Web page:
3 — When you tell people you’re in the blockchain industry, how do they react?
I remember when I first talked to outsiders about Bitcoin in 2015 — they either fell silent and gave me awkward looks like I was trying to talk them into some kind of scam, or in some cases, enthusiastically challenged me on whether Bitcoin had any value. Bitcoin mining was more of a business that people could understand, but it was extremely rare to find someone that was open-minded about the cryptocurrency itself.
Now, people are becoming more and more knowledgeable and engaged about blockchain technology and crypto. I am often not the only person they know in the industry. I used to be asked lots of basic questions about blockchain. But now, people who aren’t blockchain professionals sometimes share their perspectives first once they know I am in the industry.
They have much more diverse perspectives on the blockchain industry now. Besides holding crypto in their portfolio, several people are NFT collectors or even landowners in blockchain games. They see blockchain as a technology to issue and transact NFT assets as well as infrastructure for the Metaverse, but are more attracted to NFTs and Metaverses. That is why I am very confident that the Metaverse will be the entry point to the Web3 era.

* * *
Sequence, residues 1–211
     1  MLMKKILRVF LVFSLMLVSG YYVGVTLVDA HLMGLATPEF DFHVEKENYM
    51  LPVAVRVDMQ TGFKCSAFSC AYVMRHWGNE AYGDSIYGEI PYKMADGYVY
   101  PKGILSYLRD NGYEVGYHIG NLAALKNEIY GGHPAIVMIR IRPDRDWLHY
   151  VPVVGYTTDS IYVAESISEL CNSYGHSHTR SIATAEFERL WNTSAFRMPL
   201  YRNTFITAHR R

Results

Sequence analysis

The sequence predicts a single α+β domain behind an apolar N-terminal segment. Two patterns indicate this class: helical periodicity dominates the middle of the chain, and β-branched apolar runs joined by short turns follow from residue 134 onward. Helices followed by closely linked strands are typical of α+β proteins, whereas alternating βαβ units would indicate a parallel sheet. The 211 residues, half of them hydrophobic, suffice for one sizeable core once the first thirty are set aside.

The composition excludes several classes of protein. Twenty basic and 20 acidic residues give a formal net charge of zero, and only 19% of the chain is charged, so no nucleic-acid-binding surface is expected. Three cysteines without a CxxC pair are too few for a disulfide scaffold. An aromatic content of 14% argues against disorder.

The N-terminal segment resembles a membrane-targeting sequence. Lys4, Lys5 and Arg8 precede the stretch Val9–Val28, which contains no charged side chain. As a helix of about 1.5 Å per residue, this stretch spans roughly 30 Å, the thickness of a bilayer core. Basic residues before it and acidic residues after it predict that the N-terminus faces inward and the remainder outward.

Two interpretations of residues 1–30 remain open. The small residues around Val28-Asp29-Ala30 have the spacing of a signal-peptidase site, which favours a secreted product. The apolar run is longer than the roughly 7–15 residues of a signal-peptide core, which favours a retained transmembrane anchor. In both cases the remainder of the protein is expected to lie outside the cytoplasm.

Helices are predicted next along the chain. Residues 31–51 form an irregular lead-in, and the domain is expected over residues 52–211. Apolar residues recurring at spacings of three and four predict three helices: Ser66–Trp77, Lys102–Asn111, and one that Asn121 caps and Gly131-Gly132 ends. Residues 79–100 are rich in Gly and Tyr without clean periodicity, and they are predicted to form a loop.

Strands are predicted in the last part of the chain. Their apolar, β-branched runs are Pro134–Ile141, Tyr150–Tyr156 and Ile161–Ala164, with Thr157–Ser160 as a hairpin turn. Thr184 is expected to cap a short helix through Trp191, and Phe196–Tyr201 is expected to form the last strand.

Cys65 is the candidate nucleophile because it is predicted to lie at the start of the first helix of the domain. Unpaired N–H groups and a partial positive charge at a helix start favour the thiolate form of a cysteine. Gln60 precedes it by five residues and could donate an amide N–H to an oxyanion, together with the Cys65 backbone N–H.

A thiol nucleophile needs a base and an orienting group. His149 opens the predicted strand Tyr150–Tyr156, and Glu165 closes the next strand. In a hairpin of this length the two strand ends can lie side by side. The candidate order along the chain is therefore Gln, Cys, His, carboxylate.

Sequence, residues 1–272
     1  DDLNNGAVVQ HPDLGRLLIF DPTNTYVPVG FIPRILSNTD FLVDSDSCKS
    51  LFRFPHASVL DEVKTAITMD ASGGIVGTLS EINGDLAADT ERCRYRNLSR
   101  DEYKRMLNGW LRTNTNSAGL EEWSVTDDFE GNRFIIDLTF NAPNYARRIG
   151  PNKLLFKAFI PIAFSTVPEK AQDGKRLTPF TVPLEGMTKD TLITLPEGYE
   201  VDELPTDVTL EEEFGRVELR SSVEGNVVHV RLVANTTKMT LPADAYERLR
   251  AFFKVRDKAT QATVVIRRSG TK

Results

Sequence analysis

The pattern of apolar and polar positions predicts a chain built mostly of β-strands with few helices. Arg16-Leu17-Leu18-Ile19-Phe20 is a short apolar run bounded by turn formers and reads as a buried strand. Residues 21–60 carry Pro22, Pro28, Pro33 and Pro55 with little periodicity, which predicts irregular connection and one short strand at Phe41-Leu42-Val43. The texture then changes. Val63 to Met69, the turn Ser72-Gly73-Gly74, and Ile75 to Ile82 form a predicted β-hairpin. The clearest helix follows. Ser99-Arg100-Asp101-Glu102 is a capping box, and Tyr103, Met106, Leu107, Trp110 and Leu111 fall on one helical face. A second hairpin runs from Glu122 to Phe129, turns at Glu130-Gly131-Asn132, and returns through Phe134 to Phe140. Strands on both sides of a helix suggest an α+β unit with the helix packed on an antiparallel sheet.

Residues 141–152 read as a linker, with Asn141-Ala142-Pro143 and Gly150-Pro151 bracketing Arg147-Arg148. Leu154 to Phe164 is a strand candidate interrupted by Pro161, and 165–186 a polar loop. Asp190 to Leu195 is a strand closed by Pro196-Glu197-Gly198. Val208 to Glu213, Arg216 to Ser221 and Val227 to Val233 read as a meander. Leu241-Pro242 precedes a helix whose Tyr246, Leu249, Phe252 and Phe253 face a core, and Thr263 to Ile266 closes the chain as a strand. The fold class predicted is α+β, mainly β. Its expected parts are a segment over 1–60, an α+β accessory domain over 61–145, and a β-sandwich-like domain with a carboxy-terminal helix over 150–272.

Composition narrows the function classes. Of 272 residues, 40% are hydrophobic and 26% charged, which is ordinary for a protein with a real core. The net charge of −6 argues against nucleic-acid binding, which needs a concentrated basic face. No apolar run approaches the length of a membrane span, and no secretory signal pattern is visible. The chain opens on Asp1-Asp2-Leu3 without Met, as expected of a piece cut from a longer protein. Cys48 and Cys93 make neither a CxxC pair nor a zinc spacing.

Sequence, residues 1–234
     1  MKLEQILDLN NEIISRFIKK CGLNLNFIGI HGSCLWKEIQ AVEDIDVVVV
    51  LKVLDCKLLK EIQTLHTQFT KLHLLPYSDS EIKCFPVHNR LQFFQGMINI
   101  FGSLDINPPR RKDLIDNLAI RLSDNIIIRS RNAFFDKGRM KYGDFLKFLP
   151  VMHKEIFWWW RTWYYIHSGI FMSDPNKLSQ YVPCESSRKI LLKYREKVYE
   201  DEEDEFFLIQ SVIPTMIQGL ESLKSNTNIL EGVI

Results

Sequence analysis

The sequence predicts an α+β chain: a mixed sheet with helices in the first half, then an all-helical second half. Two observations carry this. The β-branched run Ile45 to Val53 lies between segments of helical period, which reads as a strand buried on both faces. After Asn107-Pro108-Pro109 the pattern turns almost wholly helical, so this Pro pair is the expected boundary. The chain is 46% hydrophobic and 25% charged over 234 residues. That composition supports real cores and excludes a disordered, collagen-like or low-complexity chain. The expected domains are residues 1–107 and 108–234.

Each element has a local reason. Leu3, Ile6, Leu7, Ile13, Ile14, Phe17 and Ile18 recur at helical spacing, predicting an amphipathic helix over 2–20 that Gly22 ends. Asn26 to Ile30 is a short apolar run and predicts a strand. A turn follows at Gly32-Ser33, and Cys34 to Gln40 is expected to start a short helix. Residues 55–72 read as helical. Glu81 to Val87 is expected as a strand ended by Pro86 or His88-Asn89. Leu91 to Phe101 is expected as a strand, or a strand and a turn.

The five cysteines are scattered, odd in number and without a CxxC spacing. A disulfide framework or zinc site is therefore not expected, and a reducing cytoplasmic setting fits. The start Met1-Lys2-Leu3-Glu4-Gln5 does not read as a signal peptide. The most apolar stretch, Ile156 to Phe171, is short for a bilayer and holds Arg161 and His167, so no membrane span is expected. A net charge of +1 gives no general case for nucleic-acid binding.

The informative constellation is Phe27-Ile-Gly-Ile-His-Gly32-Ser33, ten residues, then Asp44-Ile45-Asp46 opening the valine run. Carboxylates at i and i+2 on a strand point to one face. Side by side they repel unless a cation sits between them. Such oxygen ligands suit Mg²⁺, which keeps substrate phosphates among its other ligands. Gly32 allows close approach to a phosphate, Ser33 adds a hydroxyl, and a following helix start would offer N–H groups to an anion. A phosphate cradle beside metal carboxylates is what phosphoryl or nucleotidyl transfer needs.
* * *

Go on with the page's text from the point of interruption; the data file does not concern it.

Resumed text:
4 — Who makes sense to you, and who makes no sense whatsoever?
Whoever is building a product then tells a story makes sense to me and who just tells a story or builds a product for imaginary demand makes no sense whatsoever.
There are lots of great products that are carefully designed and reiterated to fit the needs of the users. For example, Binance has a very efficient feedback loop, from customer service to management. As a result, it is able to reiterate its product in the right way and engage a new trend in the market. The Binance team makes sense to me. Polygon, Debank and The Graph are all excellent examples of products with strong product-market fit. All these teams make sense to me and I see lots of potential in the adoption of their product.
5 — List your favorite sports teams, and choose the single most memorable moment from watching them.
My favorite sports teams were the Chicago Bulls and Denver Broncos. The most memorable moment was Michael Jordan’s final shot with the Bulls that won them the sixth championship.
6 — Other than the present day, in what time and in what country would you like to have lived?
I wish I had lived in Shanghai, China from 2012 to 2015. That was the first crypto market cycle that I missed. The two major events in that time frame were the growth of Bitcoin mining and the fundraising and initial community-building of Ethereum. They both happened during that time in China.
Plus, China is my home country. I love the food and people.
A wish for the young, ambitious blockchain community:
I wish that everyone in the community can survive the ups and downs, holding tight to their crypto assets.